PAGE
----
Old ideas about what a father should be and do are changing. It’s important to start having important conversations about how fathers can be present and contribute more to their children’s lives than just money.
My Pops and I, an organisation that helps to encourage positive fatherhood, hosted an event in honour of Father’s Day. Around 30 men and women, along with their children, gathered on a cold winter’s day in Sandton, Johannesburg. Many of the dads and dads-to-be at the event were excited to learn all they could about how we can collectively recondition our views of fatherhood and caregiving, and, most importantly, how we can create a conducive society to do that. Part of this includes the perpetuating positive male figures in our immediate communities.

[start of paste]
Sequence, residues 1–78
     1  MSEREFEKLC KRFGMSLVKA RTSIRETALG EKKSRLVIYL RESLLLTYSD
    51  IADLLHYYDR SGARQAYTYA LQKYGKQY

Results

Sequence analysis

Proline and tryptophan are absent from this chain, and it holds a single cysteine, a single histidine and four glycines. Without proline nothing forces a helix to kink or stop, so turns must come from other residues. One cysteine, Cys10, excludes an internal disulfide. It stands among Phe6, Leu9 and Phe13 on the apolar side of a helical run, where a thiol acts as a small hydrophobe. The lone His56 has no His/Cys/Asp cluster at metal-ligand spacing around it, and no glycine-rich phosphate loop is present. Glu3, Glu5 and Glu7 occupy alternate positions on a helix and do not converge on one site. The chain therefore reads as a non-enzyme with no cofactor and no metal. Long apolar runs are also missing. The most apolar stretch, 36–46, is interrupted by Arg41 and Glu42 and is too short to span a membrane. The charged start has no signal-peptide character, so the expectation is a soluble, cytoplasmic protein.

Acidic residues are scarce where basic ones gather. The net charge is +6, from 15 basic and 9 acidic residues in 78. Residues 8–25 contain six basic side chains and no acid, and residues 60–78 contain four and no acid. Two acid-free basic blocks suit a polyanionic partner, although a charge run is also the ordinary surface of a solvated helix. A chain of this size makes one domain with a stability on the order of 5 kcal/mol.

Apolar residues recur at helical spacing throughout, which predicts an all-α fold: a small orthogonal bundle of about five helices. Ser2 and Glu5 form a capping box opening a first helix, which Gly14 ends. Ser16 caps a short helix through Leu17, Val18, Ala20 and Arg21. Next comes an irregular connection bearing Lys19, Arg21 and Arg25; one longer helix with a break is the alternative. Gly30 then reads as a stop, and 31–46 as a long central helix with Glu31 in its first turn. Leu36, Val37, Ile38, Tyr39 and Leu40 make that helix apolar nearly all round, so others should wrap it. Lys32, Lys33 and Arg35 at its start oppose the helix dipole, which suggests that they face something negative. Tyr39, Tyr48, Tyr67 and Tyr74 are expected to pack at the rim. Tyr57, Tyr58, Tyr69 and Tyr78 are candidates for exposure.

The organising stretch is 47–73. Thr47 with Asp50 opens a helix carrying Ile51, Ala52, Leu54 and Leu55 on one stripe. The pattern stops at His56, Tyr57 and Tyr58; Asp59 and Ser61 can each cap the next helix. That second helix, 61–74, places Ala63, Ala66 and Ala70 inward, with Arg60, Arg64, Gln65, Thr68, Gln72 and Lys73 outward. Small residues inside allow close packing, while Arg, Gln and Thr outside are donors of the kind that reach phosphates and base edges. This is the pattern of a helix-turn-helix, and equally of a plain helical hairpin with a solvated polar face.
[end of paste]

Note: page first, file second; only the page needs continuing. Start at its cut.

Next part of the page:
Heartlines Fathers Matter Project Coordinator, Lereko Mfono says that his biggest takeaway from the event was seeing how much the films were able to inspire crucial dialogue around caregiving: “There was one comment during the discussions, a man saying he was unaware of how much extended families play a role in either encouraging positive fatherhood involvement or discouraging it. It made me think about how much work parents need to do in ensuring extended families support their co-raising of children.”
He adds that in most families “Men who cannot provide are generally not seen as necessary in the home and in the lives of children and it was interesting to hear stories from the audience around their experiences with unemployed fathers and how much society has burdened them to provide financially only.”